The Disney Dilemma


The doors opened and I looked around. Oh no.... I thought to myself as I waded through the sea of tulle and sparkle. 

"How was the show!?" my mother asked excitedly as we spoke through Facetime the next morning?

BIG SMILE "Did you know it was a Disney Princess on Ice Show?!?!" I said with an excited (ok sarcastic) voice.

"Oh no..." my mom said with a semi- chuckle.

"Oh yes. Don't worry mom, you can read all about it in my next blog. (Yes, as in this right here).

"Christa, there is nothing wrong with princesses." 

"You are right mom, but there is something wrong with the way Disney has portrayed women through their princesses..." 

I sat in my stadium seat a bit uncomfortable with my surroundings, and took a moment to reflect on how much my thinking has changed since I founded Tuff Girl almost 8 years ago.

The princesses glided across the ice in their pretty, sparkly, scant costumes as the "heroes" (their words, not mine) lifted them up to whisk them away, save them, and rescue them from... well, whatever it is they needed rescuing from. 

The guy in front of me even turned around giving me an odd look as I explained to Lea why Arielle wanted legs. As the words "She wanted legs so she could go on land and meet him..." came out of my mouth I realized how stupid they sounded. 

I thought for a minute and quickly added, "So she could meet people and have new experiences, and see different places." How do you explain to your daughter that a girl wanted legs she could meet a man she had seen lying unconscious on a rock?

And why is price charming was kissing an unconscious sleeping beauty. What kind of message is this sending our girls? Is this the best we can do for our girls Disney? 

And why does every princess fall in love after a quick walk through the park?

And why are so many princesses locked away in towers or dungeons. Why are so many princesses helpless? Again, what kind of message is this sending to our children? What is this teaching them about women? Women that they admire and aspire to be like. 

I had so many questions...

I think my two daughters were the only two girls in the whole entire stadium who have (purposely) not seen any of the princess movies with the exception of Frozen. Now many of you think this might be extreme, but we become what we believe. And I certainly don't want my daughters becoming someone that believes herself to be helpless and in need of rescuing.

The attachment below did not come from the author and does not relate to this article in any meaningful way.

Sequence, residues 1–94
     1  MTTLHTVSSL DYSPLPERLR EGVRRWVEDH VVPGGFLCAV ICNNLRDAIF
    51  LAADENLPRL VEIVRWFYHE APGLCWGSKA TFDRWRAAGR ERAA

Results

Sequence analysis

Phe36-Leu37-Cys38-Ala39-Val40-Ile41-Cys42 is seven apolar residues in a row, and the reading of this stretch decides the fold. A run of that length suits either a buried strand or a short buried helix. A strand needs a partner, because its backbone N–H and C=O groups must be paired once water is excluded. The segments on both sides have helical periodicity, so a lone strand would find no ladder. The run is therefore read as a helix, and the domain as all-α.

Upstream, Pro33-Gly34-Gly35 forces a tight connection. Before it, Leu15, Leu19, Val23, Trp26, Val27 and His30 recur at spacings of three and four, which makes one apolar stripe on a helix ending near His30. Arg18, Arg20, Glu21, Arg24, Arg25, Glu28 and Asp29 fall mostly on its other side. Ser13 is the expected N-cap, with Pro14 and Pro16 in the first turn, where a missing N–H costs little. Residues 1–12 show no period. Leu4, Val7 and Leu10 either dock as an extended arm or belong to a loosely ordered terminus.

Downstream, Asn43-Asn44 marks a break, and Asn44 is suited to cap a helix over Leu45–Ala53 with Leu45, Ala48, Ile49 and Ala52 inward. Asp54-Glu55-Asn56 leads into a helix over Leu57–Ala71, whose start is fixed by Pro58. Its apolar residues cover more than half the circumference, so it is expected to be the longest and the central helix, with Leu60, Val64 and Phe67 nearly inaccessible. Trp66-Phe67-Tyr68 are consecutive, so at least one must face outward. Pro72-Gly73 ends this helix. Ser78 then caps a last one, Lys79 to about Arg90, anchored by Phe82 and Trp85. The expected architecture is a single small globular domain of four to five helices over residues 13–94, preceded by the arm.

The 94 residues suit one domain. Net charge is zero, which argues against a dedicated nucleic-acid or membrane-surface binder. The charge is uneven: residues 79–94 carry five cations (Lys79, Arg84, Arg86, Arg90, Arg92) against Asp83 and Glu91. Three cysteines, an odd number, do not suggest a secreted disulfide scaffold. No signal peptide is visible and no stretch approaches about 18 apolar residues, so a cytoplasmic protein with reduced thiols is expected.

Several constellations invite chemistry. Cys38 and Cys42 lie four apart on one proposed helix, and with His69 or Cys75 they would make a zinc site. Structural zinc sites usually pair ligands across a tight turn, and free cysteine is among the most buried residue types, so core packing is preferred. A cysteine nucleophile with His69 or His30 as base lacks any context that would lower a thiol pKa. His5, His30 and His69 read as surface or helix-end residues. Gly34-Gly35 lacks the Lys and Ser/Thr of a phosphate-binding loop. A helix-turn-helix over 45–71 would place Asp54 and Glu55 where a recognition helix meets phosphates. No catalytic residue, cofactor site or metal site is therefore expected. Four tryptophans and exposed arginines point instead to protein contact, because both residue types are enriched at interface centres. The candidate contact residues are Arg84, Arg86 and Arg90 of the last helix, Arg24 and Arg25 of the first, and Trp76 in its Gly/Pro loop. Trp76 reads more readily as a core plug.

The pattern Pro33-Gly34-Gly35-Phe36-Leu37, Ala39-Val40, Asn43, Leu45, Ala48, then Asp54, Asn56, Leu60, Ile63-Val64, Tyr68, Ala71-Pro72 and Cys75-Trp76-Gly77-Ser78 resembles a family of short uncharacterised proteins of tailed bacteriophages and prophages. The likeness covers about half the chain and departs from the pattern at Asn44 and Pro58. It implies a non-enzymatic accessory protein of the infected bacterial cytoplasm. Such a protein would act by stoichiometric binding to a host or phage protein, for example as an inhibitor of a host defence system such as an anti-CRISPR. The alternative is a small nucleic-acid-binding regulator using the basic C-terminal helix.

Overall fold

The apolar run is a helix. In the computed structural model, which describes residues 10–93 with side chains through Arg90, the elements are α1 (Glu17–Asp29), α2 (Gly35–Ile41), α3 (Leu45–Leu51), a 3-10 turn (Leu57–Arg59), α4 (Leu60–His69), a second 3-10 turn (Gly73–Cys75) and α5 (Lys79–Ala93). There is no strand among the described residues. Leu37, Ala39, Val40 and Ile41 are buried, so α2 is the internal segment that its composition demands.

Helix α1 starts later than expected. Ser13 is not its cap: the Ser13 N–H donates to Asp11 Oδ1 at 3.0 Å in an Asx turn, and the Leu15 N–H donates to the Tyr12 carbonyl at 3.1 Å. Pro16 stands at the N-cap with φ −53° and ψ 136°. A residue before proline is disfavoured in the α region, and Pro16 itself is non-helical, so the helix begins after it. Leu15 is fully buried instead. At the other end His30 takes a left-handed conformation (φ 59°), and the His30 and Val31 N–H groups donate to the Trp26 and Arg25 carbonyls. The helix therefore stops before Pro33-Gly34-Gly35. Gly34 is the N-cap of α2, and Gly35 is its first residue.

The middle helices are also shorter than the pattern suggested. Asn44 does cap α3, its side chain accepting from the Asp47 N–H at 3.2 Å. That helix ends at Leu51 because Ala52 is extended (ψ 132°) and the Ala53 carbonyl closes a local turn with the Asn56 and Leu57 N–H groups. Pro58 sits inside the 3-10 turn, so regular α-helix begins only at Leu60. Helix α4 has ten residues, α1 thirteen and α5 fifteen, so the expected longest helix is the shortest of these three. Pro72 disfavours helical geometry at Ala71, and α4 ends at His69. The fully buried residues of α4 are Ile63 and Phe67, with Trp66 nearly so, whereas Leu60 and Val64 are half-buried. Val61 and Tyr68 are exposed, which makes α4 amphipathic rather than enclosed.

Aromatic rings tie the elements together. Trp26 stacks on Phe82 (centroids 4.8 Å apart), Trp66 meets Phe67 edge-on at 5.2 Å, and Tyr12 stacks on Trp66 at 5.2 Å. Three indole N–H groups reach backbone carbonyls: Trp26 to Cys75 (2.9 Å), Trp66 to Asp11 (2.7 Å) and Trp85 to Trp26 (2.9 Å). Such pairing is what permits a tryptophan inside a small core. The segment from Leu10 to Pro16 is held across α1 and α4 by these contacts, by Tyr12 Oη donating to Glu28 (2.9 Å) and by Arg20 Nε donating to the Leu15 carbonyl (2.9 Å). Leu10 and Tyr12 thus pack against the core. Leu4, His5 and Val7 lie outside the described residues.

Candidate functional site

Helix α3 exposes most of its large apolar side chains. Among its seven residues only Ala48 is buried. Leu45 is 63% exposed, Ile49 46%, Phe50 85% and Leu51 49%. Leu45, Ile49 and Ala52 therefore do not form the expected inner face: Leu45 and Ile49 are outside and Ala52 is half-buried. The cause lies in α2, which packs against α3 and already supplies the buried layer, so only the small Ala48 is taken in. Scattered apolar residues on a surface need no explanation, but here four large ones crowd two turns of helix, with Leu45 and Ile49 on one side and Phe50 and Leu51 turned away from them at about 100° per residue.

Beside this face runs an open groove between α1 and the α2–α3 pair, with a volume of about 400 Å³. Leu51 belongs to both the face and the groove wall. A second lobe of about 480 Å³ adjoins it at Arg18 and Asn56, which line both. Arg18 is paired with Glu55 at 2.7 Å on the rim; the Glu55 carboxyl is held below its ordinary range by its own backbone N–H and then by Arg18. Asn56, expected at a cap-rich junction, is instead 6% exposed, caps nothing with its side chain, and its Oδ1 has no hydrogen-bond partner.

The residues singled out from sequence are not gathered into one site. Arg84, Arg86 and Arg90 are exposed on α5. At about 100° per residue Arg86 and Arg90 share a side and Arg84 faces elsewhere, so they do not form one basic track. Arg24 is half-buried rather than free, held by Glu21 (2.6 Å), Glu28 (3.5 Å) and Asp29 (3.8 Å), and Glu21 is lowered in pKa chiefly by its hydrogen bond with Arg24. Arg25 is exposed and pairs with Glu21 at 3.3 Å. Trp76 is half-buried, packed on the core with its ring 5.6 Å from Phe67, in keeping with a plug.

I want my girls to fall in love because they meet the right person, not because they need someone to take care of them. 

I want them to be empowered enough to stand on their own, make their own money, blaze their own path, and live an awesome life, even if it is alone.

I want them to know that they are strong and can take care of themselves.

I want them to believe that they are the hero. 

I believe this pretty pretty princess mentality is pretty pretty dangerous. Once again, teaching girls that they are something to be looked at, instead of something capable enough to do amazing things, escape from a tower, slay a dragon, or whatever it is they want to do. 

Without the help of a "hero". 

At intermission, we waited in line for the bathroom along with five Cinderella's, ten Sleeping Beauties, five Aerials, and five Snow Whites. Each little girl adorned with the fancy dress and tiara of the princess they aspired to be. 

My daughter had on a monkey hat. 

In a sea of princesses, be a monkey. Better yet, be the queen monkey. 

In Strength,

Christa

Update: After I posted this, I received some feedback from people who thought my thinking might be a little extreme. I want to clarify that I do not think there is anything wrong with princesses (XENA and SHERA were both princesses!). My problem lies in how Disney has portrayed women through their princesses (namely, Sleeping Beauty, Cinderella Snow White, Jasmin and Ariel). These women were and still are portrayed as helpless, in need of rescuing, and in need of a man to show them things they couldn't possibly see on their own. The Disney on Ice show showed me that these princesses, even if they are from years past, and the harmful messages they send about women are still alive and making more and more dollars for the Disney empire.